Note: This is the sixth in a series of posts about the Nonprofit Web Design Process. See the end of this post for a linked index of other posts in the series.

Purposes

A persona is a fictional representation of one of your constituents. When they’re based on solid user research, personas can be great tools for helping your design team and internal stakeholders truly understand your audiences.

Purposes for personas include:

  • Help synthesize and articulate what we learn about constituents through user research
  • Build consensus around target audiences
  • Encourage empathy for constituents when making design and/or content decisions for your website

Methodology

When we create personas for a nonprofit, we try to limit the number to 5 or 6. Each persona should be representative of one audience group for your organization. Even though personas have different demographic descriptions, the key factor that differentiates one persona from the next is what the person needs from your organization. So, if you have a 65-year-old male and a 26-year-old female that are both looking for ways to volunteer with your organization, you only have one persona: a volunteer.

For each persona, I typically include:

  • Name
  • Photo
  • Character description
  • Technology profile
  • Definition of needs
  • Scenario describing how they might use the site/tool/etc.

Also, going back to the research, each descriptor I use would ideally be based on something I learned during the user research phase – an interview response, analytics data, survey data or something else that’s real and tangible.

Deliverables

I deliver personas either as Word Documents or PowerPoint slides. There are typically a couple of rounds of revisions before we arrive at a final product. Here are some personas I recently developed with a client:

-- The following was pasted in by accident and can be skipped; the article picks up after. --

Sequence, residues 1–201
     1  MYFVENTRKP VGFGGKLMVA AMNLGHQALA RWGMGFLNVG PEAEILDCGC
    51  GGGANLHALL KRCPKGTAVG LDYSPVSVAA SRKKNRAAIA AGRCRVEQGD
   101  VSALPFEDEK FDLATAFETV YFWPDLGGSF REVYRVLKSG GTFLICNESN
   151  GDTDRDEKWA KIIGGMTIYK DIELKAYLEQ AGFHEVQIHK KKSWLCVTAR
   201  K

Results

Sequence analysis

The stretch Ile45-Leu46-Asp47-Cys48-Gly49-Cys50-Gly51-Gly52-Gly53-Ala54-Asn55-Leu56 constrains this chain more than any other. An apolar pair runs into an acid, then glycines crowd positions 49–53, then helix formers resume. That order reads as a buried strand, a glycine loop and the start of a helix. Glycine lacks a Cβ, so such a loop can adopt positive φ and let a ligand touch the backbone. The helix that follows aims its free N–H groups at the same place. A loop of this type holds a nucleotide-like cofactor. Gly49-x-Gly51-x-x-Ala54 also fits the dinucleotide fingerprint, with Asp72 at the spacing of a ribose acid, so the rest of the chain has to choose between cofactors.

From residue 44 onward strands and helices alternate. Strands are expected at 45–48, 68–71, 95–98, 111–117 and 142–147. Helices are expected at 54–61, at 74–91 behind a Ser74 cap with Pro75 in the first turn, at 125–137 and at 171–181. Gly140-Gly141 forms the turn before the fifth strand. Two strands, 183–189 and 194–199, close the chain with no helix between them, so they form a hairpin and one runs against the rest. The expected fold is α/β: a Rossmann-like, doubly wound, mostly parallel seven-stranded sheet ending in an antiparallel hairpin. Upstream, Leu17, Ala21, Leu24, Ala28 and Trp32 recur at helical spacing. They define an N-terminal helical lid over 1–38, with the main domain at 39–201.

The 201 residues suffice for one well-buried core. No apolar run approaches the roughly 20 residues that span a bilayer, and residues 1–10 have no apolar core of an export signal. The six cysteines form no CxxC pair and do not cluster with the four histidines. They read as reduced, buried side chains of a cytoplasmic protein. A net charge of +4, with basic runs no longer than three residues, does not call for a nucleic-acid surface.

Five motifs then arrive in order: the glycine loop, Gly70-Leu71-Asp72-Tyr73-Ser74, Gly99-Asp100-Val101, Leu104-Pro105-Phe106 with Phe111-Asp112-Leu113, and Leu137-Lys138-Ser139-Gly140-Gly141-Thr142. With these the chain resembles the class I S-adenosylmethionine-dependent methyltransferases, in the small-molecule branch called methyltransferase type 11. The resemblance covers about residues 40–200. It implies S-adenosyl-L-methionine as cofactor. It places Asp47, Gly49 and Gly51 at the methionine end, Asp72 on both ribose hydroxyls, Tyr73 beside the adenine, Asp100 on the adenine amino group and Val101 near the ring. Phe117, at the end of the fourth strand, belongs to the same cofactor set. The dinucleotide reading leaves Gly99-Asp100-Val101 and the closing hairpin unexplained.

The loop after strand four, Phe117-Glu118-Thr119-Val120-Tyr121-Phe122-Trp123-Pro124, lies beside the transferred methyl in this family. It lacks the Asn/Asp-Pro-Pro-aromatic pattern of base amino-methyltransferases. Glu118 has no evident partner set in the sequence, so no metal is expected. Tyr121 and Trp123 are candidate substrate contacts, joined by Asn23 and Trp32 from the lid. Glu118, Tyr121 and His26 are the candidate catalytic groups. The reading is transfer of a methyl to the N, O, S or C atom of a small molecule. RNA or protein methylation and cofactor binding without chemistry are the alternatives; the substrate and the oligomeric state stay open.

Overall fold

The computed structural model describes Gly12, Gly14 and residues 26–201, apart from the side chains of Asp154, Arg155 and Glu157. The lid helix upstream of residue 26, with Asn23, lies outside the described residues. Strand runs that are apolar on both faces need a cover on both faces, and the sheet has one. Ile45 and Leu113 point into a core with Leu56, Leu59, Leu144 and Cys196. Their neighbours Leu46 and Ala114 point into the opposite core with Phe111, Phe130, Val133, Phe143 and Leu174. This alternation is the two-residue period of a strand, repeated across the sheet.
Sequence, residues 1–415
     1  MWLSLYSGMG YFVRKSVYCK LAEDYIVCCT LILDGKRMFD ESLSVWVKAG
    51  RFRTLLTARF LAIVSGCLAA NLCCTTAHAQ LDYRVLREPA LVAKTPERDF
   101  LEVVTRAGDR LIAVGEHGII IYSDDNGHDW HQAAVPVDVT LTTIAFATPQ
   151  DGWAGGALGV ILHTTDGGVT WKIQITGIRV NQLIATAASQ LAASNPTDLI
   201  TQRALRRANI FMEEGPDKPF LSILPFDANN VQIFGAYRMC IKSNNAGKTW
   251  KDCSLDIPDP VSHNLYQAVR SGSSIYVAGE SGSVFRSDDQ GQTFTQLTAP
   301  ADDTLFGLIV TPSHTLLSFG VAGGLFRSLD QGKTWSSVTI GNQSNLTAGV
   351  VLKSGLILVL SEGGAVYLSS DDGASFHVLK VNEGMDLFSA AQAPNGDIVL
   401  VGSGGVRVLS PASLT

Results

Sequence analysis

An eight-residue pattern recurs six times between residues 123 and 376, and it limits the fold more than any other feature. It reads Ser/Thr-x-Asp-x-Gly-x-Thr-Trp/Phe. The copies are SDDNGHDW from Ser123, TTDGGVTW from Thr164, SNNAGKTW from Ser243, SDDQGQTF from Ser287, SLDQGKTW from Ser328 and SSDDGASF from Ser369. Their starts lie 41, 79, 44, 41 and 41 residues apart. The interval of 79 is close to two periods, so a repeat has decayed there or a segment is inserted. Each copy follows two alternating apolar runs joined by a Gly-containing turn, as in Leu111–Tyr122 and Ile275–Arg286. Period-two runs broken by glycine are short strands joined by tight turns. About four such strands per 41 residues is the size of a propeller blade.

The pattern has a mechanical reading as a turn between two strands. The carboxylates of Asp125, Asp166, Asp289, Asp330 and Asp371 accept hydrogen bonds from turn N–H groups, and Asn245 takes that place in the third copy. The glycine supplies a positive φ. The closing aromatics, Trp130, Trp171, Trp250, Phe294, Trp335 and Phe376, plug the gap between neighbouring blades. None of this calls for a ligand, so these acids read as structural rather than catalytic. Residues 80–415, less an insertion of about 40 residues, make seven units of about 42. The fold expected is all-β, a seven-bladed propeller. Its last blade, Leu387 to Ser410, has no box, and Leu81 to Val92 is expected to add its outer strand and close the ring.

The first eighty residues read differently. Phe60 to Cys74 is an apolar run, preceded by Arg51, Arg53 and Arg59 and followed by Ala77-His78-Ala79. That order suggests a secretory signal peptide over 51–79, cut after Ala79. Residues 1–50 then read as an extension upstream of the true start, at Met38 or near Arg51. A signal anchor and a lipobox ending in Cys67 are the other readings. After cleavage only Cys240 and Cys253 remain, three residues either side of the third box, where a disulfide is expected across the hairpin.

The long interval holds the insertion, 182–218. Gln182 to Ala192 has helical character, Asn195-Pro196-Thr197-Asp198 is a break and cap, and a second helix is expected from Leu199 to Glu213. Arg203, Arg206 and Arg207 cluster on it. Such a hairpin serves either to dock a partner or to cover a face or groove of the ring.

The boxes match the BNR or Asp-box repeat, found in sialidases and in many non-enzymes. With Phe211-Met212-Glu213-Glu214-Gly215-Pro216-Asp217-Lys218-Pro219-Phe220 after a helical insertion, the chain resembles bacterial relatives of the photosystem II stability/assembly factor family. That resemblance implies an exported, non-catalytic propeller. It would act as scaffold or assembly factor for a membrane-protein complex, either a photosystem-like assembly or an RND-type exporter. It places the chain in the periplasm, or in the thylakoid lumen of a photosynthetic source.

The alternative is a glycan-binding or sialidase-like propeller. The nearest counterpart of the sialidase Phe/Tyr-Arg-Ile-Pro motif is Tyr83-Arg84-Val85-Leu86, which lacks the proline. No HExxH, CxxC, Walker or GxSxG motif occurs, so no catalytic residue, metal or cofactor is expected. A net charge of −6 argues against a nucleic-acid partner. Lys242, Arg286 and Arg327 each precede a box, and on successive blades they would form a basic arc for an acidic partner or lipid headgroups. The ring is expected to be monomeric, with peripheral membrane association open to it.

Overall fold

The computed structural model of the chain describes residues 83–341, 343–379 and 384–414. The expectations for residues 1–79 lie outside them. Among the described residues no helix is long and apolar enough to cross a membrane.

Persona Matt and Lee: Major Donors

Persona Marilyn Kim: The Outsider

The final step in the persona development process is to socialize the personas around your organization. Printing them out and laminating them is a good start. A colleague recently shared this blog post from MailChimp with me that showed some amazing posters they designed to show off their personas. Whatever method you use, be sure that folks get excited about them. These personas will be your friends as you write and revise content, plan your email campaigns and optimize your website.

What’s Next

Next month, we’ll move on from User Research into Content Strategy. I like to think of Content Strategy is “where the rubber meets the road” in our design process since we get to take everything we learned during Discovery and User Research and start making actionable recommendations. Get excited!

Other Posts in this Series

  1. Introduction
  2. Stakeholder Discovery
  3. User Research
  4. Content Strategy
  5. Information Architecture
    • Sitemap
    • Wireframes
  6. Visual Design
  7. Solution Design
ABOUT THE AUTHOR

Lacey Kruger, principal information architect for Blackbaud, works with nonprofit clients to design online properties that work. Whether a full-scale website, a campaign site or a mobile app, Lacey guides clients through a research-based and user-centered approach to design. In her 10+ years at Blackbaud, she has developed a deep understanding of nonprofit web presences. That knowledge, along with her years of experience in information design, have established her as an industry expert.

Lacey has written a Blackbaud eBook, “A Guide to the Nonprofit Web Design Process” and her article, “Designing Nonprofit Experiences: Building a UX Toolkit” was published in User Experience magazine. She has presented at industry conferences including bbcon, IA Summit and BIG Design. When she’s not working, Lacey loves to cook and also enjoys yoga, watching movies and catching alligators (really!).

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